tags: no-mans-sky

“It also included several interesting phrases which stood out to me, including Every Atom Procedural and Every Planet Unique. On its own, this language was not a surprising angle for a game to take in its marketing. The Binding of Isaac’s Steam page, for example, promises ‘you never play the same game twice‘ but no-one so much as raises an eyebrow when they sit down and discover that they are, shockingly, playing The Binding Of Isaac every time.”

“When we use extreme language to talk about procedural generators (or any other kind of technology), we encourage people to draw extreme conclusions.”

“For many other generators, you might think that explaining how its processes work would be kind of… boring? You’d probably be right. A lot of generators are boring, and I think that’s one of the reasons why we reach for the big numbers and strong statements, to cover up this fact.”

“Drawing his finger across the screen, he nudged the lever bars to indicate attributes like body mass, aggressiveness, windpipe length, wetness, screechiness, harshness. (The software makes sounds based on roughly a hundred different parameters.) Then, while moving his thumbs across two graphical boxes on the iPad—one labelled “vowel map,” the other “pitch”—and simultaneously twisting the device in space, he generated a vocalization. The iPad’s physical movement determined the energy behind the utterance: the arc of the motion shaping the sound’s arc.”

“We’re actually working on that now with Paul. We’re taking the sessions from the record, which were mixed and mastered some time ago, and we’re diving back into those and pulling elements out, and then re-recording more variation, more complimentary sounds. […] You know that you have to make a record and that the record has to make sense and be accessible, and at the same time you know that all of that music is totally destroyable and it’s going to be atomized and rendered in a great number of variations.”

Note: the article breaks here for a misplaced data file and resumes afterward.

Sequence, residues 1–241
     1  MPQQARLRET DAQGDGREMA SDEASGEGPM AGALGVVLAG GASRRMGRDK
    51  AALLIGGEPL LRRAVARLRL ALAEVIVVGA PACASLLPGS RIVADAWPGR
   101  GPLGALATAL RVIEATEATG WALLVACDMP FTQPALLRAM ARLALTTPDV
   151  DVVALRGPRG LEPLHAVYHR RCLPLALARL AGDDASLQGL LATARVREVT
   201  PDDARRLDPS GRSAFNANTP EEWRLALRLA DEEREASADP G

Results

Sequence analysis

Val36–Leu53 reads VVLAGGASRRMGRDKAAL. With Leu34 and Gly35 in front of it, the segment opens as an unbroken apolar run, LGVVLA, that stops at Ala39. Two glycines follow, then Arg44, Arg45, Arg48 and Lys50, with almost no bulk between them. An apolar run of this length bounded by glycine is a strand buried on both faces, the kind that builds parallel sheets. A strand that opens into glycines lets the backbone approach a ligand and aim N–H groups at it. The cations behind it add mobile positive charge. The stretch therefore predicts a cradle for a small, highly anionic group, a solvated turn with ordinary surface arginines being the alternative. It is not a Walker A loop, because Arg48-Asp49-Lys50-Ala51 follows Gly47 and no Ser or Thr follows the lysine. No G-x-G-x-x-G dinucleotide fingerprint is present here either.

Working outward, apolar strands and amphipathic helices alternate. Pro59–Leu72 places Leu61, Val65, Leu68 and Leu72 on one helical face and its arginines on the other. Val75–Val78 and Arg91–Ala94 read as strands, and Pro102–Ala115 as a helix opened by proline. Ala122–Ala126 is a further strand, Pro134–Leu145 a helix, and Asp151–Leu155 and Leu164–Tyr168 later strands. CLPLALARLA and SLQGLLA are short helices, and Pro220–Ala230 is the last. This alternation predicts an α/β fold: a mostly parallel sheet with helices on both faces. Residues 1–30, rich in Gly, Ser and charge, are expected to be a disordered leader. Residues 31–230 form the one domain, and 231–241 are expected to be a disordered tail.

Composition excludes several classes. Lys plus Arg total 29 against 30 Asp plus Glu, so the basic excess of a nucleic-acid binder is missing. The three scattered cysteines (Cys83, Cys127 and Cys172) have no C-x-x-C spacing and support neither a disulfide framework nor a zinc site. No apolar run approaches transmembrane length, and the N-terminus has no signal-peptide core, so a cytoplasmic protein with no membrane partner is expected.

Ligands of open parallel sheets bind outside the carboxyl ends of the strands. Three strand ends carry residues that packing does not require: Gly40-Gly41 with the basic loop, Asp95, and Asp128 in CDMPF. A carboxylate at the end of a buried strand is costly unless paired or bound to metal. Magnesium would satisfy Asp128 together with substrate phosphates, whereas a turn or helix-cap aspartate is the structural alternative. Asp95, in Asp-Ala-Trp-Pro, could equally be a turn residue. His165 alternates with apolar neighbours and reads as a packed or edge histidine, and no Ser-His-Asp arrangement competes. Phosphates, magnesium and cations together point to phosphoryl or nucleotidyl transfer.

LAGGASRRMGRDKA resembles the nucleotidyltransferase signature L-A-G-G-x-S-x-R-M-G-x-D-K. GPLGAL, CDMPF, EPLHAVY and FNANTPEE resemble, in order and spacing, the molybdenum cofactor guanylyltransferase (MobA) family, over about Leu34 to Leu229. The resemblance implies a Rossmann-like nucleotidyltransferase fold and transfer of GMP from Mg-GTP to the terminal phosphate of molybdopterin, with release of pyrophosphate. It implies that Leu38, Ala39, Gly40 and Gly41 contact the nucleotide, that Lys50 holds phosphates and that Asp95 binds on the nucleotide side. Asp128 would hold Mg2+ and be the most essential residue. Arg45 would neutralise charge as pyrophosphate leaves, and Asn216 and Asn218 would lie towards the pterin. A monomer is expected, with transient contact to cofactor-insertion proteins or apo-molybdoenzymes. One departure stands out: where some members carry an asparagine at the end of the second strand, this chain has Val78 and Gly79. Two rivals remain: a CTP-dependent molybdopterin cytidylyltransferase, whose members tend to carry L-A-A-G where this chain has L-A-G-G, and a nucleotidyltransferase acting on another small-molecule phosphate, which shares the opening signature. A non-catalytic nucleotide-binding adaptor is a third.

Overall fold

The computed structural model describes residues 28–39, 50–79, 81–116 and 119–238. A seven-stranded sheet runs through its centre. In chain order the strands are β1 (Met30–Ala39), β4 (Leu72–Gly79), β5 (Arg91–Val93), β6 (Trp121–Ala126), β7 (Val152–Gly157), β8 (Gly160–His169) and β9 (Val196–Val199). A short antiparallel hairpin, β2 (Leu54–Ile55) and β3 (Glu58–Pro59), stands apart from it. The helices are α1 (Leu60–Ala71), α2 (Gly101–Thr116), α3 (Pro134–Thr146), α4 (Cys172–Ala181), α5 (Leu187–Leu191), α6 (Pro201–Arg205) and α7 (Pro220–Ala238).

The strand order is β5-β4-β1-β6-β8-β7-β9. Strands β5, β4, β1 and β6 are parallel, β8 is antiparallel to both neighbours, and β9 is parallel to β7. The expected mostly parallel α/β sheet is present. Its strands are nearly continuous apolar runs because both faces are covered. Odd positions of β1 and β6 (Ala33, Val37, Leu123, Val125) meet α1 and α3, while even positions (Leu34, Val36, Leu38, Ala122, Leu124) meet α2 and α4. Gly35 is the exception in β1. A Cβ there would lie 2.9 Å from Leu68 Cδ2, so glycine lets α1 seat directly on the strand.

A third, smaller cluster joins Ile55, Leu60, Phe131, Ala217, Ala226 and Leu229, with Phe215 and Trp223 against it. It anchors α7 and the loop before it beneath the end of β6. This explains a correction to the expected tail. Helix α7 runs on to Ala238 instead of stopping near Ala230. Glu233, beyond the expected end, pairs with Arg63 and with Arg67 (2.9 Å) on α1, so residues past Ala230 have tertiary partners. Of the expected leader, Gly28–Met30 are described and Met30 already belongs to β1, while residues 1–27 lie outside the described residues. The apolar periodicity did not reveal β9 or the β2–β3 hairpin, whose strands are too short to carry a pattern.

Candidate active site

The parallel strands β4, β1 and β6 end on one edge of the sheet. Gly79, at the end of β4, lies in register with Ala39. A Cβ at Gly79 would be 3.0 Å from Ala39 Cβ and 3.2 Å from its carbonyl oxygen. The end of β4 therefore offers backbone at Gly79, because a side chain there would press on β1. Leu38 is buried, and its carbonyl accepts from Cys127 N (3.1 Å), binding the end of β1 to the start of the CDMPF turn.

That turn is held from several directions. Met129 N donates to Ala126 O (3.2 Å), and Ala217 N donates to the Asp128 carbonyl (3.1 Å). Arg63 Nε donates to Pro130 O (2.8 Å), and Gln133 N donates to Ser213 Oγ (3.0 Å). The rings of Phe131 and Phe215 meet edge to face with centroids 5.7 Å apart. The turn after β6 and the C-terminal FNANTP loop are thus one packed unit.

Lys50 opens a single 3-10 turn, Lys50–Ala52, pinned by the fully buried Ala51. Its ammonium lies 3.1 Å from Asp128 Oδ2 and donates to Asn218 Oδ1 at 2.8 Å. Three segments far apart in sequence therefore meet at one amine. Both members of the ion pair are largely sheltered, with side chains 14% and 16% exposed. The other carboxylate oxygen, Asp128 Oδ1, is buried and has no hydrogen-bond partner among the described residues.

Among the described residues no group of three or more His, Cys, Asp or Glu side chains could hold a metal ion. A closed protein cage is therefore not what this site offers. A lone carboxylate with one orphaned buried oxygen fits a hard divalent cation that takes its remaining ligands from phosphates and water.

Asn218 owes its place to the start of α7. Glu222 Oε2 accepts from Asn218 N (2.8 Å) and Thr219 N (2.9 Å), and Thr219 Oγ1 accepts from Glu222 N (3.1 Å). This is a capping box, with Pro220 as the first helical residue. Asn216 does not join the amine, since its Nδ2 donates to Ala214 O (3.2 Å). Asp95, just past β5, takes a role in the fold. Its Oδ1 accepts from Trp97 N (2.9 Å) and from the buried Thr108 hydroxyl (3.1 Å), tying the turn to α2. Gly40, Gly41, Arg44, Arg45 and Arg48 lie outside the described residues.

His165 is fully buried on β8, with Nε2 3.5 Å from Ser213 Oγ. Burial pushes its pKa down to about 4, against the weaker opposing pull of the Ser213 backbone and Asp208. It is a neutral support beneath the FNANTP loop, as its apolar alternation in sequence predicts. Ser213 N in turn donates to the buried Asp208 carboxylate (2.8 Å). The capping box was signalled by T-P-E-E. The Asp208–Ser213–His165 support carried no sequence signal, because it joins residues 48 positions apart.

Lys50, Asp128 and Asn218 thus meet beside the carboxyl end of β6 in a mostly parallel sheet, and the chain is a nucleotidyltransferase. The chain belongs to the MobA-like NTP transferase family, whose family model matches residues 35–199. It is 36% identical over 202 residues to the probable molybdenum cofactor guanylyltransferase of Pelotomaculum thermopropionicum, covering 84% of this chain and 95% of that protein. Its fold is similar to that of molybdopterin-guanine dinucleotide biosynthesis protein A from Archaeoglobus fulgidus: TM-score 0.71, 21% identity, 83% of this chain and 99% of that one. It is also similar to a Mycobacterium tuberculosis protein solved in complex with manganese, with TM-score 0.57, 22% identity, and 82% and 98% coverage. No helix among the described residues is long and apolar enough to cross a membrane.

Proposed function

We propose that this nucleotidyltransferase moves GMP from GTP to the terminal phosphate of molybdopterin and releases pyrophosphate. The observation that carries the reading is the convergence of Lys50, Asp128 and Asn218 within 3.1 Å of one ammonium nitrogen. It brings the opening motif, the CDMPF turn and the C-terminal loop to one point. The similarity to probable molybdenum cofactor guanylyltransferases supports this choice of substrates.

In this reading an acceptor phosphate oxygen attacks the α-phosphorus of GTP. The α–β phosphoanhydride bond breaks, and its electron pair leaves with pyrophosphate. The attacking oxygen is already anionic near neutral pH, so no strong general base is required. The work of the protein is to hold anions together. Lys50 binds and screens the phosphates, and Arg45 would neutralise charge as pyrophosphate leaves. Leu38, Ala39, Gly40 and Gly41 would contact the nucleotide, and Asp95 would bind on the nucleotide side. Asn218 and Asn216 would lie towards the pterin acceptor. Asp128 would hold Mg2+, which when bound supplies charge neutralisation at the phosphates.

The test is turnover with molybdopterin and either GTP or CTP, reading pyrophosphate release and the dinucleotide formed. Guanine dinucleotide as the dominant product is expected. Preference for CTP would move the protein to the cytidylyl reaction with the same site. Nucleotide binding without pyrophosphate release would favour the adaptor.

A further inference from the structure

“But the way it tends to play out is that most generated stuff tends towards ambient and quite granular, soft, synth-y stuff because the nature of a computer game as opposed to scoring a film means that the music’s never quite sure what action it’s about to be soundtracking. It could be anything because the player’s got agency. Having a soft, ambient soundtrack that can react very quickly tends to work best, but obviously the further you go in that direction the less memorable, the less melodic it becomes.”

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